The Other 9/11


Photograph Source: Biblioteca del Congreso Nacional – CC BY 3.0 CL

Fifty years ago, in July 1973, Charles Horman and I planned to meet up at the World Trade Center.

I had returned from Santiago, Chile after the March 4 legislative elections in which the popular unity government headed by President Salvador Allende gained two seats in the Senate and six in the Chamber of Deputies.[1]  Charlie was back in New York to visit his parents, Ed and Elizabeth Horman.

Both of us had traveled to Santiago out of interest in and enthusiasm for the UP’s promise to move Chile along a democratic and peaceful road to socialism.  I had a degree in journalism from American University and was serving as a correspondent for Metromedia.  Charlie had a degree in journalism from Harvard and was working on a documentary about the murder of Rene Schneider, the commander-in-chief of the Chilean armed forces.

Schneider was shot on October 22, 1970, by reactionary forces supported by the C.I.A. seeking to prevent Allende from taking office.  But this initial coup attempt failed and two days later, on October 24, 1970, the Chilean congress confirmed Allende as President.  Schneider died the next day.

Fast forward to 1973.  Charlie returned to Chile in August before we had a chance to get together.  Then, on September 11, Allende was overthrown in the bloodiest coup d’état in Latin American history.  And, because in the short time he was back, Charlie had gathered a wealth of information about our government’s direct involvement in the coup, he was arrested and shot.  Nevertheless, the information he obtained later surfaced in the 1975 staff report of the U.S. senate’s select committee to study governmental operations with respect to intelligence titled Covert Action in Chile 1963 – 1973, [2] the book Missing by Thomas Hauser, Costa-Gavras’ academy award winning film based on the book, and many other sources.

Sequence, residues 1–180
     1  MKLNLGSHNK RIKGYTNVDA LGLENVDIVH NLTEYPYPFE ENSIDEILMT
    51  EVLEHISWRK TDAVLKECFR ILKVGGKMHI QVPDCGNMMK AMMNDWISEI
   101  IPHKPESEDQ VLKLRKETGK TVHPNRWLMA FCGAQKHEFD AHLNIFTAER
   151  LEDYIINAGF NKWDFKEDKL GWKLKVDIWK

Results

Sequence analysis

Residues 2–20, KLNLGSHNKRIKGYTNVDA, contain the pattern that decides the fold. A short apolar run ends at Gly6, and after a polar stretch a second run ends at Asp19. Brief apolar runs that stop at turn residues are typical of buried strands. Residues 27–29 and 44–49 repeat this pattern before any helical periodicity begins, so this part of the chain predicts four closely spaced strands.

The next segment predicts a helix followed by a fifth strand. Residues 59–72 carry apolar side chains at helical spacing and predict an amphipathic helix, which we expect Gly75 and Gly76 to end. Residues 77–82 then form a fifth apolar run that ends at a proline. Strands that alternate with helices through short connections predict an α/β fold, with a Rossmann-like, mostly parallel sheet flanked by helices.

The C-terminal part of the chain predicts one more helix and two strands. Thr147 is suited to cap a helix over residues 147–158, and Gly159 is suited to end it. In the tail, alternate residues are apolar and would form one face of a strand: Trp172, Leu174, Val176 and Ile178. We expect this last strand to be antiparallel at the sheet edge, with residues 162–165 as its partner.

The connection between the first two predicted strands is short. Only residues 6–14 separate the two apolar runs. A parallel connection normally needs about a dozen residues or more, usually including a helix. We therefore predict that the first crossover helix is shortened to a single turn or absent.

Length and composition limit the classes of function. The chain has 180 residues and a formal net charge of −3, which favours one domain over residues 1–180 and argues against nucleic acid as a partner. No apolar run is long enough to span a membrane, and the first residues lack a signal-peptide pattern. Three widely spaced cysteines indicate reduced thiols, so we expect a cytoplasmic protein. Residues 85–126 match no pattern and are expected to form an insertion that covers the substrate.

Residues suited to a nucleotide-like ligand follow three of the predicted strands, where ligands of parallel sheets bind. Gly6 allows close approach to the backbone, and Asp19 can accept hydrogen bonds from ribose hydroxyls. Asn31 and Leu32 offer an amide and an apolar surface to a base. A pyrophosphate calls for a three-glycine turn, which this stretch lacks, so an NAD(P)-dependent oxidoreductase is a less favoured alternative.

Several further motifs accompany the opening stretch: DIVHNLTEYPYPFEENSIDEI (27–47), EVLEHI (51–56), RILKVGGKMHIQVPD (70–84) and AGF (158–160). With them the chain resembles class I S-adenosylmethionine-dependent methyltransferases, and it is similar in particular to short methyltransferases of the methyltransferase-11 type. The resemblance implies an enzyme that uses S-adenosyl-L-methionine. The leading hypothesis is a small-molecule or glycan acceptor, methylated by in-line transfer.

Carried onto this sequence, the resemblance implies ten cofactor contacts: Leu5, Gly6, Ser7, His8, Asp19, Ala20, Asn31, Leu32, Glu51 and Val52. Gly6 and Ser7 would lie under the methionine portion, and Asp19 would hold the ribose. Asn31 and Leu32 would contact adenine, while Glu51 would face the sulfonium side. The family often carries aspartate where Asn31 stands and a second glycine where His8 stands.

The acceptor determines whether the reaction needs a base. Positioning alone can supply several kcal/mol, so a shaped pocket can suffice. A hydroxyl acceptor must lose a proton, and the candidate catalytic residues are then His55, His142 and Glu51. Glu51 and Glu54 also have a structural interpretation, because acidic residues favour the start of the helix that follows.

Hence, today the sordid story of our government’s involvement in the effort to prevent Allende from being elected President of Chile and then provoking the coup d’état that led to the murderous dictatorship of Augusto Pinochet, is well known.   But though less than a month from when this was written September 11 will mark 50 years since the coup in Chile took place few politicians and journalists will draw attention to that fact.  Rather, as they have been doing since 9/11/2002 they will focus on recalling the terrorist attack on our country that brought down the World Trade Center, destroyed a section of the Pentagon and led to the death of nearly 3000 people (about the same number that died at the hands of the Pinochet regime after the coup d’état).

What unfortunately they won’t be pointing out however is that though in the first 9/11 the U.S. was the protagonist and in the second the victim, in the aftermath of both our government condoned or resorted to torture and other crimes on the grounds that by doing so it was defending democracy.   Indeed it was in defense of democracy that President Richard Nixon and his secretary of state, Henry Kissinger claimed we helped overthrow Allende and then supported Augusto Pinochet military dictatorship as it detained, tortured, and killed more than 3000 people including Charlie and another American friend of mine, Frank Terrugi[3].  And it was in defense of democracy that President George Bush maintained that we resorted to waterboarding prisoners in Guantanamo and invading Iraq after the terrorist attacks in 2001.

Hence, it is not surprising that many in the third world and elsewhere today are skeptical when in the realpolitik world in which we are living President Biden and others claim by supporting Ukraine in its war with Russia our government’s overriding motivation is to defend democracy and promote a just and peaceful world order.





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